Provide a good, stimulating walk just before putting the dog into the carrier with a favorite toy. Don't excessively run the dog, especially in hot conditions, since you will not be providing water, or perhaps just a few licks to quench the dog's immediate thirst.

If the dog is being checked through with baggage into the cargo hold, be sure to speak calmly to the dog and then walk away, don't keep coming back to the carrier even if the dog is upset and barking or whining. Typically dogs will calm down once the owner is out of sight. A dog that does have some anxiety will only become more anxious if the owner keeps coming and going.

Have bright, identifying features on your carrier and make sure that you confirm with the baggage people where the dog is headed. Reflective tape and neon tape is a great way to make your carrier stand out so you can verify it is being loaded on the plane. Also, add bungee cords from both sides of the crate to the front door. This will double protect the dog from somehow managing to spring loose the door or having the door pop open when the carrier is being moved about either on the runway or in the cargo area.

Keep in mind that the cargo area is not temperature regulated, so airlines reserve the right to refuse to transport animals in the cargo hold in very hot and very cold weather. Since this is for the safety of your pet plan your flights during early mornings and late evenings in the summer and in the mid-day times in fall and spring. In most cold climates winter travel may not be an option.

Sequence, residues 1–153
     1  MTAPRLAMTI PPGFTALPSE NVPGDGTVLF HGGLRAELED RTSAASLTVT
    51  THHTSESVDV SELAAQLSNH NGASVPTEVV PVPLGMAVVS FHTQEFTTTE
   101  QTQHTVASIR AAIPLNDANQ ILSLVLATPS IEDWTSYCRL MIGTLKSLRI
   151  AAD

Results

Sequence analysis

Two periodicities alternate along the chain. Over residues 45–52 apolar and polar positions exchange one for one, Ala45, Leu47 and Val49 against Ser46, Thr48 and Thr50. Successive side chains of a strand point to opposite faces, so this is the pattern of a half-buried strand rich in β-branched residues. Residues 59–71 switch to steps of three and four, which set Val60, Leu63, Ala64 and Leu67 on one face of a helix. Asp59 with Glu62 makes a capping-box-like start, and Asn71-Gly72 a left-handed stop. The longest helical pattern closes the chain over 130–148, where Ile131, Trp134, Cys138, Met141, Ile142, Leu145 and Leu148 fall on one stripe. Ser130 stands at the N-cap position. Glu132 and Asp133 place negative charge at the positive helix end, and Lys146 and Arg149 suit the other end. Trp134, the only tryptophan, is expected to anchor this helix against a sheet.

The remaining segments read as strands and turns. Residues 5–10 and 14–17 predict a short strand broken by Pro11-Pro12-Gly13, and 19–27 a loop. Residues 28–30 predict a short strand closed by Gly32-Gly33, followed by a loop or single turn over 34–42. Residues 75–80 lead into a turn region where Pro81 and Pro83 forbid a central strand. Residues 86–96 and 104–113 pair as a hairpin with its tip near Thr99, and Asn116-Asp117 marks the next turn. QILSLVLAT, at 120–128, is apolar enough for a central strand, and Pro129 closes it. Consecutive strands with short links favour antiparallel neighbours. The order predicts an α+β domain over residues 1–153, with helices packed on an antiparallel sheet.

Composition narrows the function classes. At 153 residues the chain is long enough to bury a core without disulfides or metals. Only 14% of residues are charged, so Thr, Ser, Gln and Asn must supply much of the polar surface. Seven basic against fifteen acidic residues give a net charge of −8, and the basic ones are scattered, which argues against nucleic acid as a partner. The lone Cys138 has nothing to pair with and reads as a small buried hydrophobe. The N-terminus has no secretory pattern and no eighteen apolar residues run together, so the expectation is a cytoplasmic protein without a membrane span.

Bringing A Toy Or Small Breed Onboard

Small and toy breeds in soft-sided carriers may be brought into the plane's cabin but have to be stowed under the seat during take off and landing. Not all airlines, however, allow pets in the cabin unless there are guide dogs or assistance dogs, and even they have to lie down under the seat. Your dog will have to remain in the carrier at all times during the flight. Some airlines require a specific brand name of soft-sided carriers so always double check with at least one or two different people so you don't have a problem going through security.

Different airlines that allow small dogs on board also have different rules for how many dogs can be in the cabin on a flight. Some have a limit of two dogs per flight, while others have higher limits and different numbers between first class and coach. Always phone ahead and confirm that you can bring your dog on the flight, get names, record times and information from the ticketing agent. Ideally ask for a written confirmation via email so you won't have any problems at check-in.

As soon as you arrive at your destination notify the baggage check area that you are waiting for a live animal to be unloaded from the plane. Get your dog before worrying about your own luggage. Don't open the door of the crate until you have a leash on the dog and are in control, you don't want him or her panicking and running through the terminal.

Usually after one or two flights your dog will adjust to the procedure, provided they are positive and as stress free as possible.